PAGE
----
But McLeish and outside onlookers seem convinced that his woes are only owing to his Birmingham City connections. He insists his reputation of being a defensive manager is a myth, claiming he doesn’t tell his players not to attack (but falling short of saying that he does actually tell them to attack) and pointing to his proven record as a manager in Scotland (a record which included leading Rangers to a virtually unheard of third position in the league).

Speaking of tomorrow’s visit of O’Neill’s Sunderland, McLeish told the Birmingham Mail: “Martin has come in there and he has god-like status already – that’s something I am going to have to earn here.”

Darren Bent is getting almost as many chances in front of goal now that he’s injured as he did when he was actually playing.

Hard done by isn’t he? Who’d have thought he would have to go into a job and earn admiration by actually being successful at his job? He’s not a unlikeable man. He seems a pretty straight-up guy, if a little misguided, but he’s clearly well liked within football and by the media. Even as Blues manager he never really became a figure of hate for Villa fans, not like Trevor ‘Clown’ Francis or Steve ‘Potato Head’ Bruce were. But while he was never going to be welcomed with open arms as an ex-Blues manager, that was not the prime reason for the objection to his appointment. And any manager would have to do more to earn “god-like status” at his club than leading them to 15th in the league.

One quick glance at last season’s league table should be enough to tell you it was a bad choice of manager. Villa’s board insisted on bringing in a manager with Premier League experience, immediately ruling out a host of worthy candidates from abroad or exciting managerial talent from the lower leagues. Never mind that McLeish’s Premier League experience amounted to two relegations in three seasons, including last year’s pathetic slide out of the league which saw Birmingham City average less than a goal a game.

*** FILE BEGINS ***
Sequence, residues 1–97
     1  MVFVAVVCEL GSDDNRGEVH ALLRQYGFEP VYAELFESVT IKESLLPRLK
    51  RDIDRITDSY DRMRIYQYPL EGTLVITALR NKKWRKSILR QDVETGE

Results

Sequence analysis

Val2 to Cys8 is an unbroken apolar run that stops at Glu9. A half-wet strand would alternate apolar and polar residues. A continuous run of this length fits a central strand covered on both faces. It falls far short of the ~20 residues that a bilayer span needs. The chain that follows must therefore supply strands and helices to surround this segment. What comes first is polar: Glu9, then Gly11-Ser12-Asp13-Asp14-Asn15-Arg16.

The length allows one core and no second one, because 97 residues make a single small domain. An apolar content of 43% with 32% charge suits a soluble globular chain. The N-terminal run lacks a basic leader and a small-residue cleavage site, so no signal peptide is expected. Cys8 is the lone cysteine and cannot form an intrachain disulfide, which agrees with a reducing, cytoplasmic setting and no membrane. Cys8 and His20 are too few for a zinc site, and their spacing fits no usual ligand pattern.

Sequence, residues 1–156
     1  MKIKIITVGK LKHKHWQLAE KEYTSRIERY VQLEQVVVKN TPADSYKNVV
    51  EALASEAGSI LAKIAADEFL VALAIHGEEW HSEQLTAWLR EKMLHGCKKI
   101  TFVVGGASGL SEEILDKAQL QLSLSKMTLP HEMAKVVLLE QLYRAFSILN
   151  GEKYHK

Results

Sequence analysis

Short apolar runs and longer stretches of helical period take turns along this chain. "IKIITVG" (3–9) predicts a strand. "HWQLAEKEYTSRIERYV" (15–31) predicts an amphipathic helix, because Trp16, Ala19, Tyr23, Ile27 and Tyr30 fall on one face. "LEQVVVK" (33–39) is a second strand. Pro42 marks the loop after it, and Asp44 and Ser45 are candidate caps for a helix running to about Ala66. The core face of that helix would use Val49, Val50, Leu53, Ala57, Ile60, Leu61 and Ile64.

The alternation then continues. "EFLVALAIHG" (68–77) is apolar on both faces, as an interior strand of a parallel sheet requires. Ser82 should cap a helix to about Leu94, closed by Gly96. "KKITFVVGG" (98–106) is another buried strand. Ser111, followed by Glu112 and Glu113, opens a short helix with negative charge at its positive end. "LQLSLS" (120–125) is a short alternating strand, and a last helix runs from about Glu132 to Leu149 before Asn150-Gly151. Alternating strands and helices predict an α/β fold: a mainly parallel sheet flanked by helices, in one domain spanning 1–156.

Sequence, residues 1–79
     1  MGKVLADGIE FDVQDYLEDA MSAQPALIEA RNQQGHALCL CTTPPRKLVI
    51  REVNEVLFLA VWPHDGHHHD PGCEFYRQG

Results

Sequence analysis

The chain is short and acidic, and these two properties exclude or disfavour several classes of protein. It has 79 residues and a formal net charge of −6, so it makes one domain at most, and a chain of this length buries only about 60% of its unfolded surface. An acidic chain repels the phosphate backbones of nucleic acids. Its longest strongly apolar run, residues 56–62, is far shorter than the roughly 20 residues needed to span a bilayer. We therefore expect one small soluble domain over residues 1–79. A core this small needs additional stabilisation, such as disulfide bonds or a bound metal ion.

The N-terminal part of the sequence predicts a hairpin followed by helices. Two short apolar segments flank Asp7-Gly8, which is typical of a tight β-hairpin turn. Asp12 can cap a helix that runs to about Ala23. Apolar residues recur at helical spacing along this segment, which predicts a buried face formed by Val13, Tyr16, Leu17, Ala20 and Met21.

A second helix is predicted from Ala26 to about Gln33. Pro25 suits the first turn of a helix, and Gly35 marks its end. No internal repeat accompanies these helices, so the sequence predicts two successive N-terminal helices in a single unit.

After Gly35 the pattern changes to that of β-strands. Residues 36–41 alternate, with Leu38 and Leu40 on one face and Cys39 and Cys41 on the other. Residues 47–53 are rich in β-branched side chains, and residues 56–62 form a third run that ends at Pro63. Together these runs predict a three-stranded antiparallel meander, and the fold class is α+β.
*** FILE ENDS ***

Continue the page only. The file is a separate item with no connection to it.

That would be enough to put off supporters of any club, let alone Villa fans. Had Villa appointed Avram Grant after he relegated West Ham, the outcry would have been just as loud.

But the Blues connection has given him and all the pro-McLeish brigade throughout the footballing world something with which they can leap to his defence. ‘Villa fans will never accept him because of where he came from,’ and so on and so forth. Even Graham Taylor, the man known as ‘Sir Graham’ to most Villa fans, has seemingly jumped on that bandwagon this week.

Never mind the fact that McLeish’s Villa play the most insipid brand of thoughtless, tactically devoid and uninspiring football seen in years. Never mind the fact that he’s led us to just four home wins all season and just 35 goals in 33 games. Or how about the fact that, despite being a top class defender in his playing days, his side have conceded more goals from set pieces than any other in the league yet have failed to score from a single corner themselves all season? Or perhaps Villa fans weren’t happy about watching their side lose to near neighbours West Brom for the first time on home soil since 1979 and now being on course to finish behind them in the league for the first time since that same season.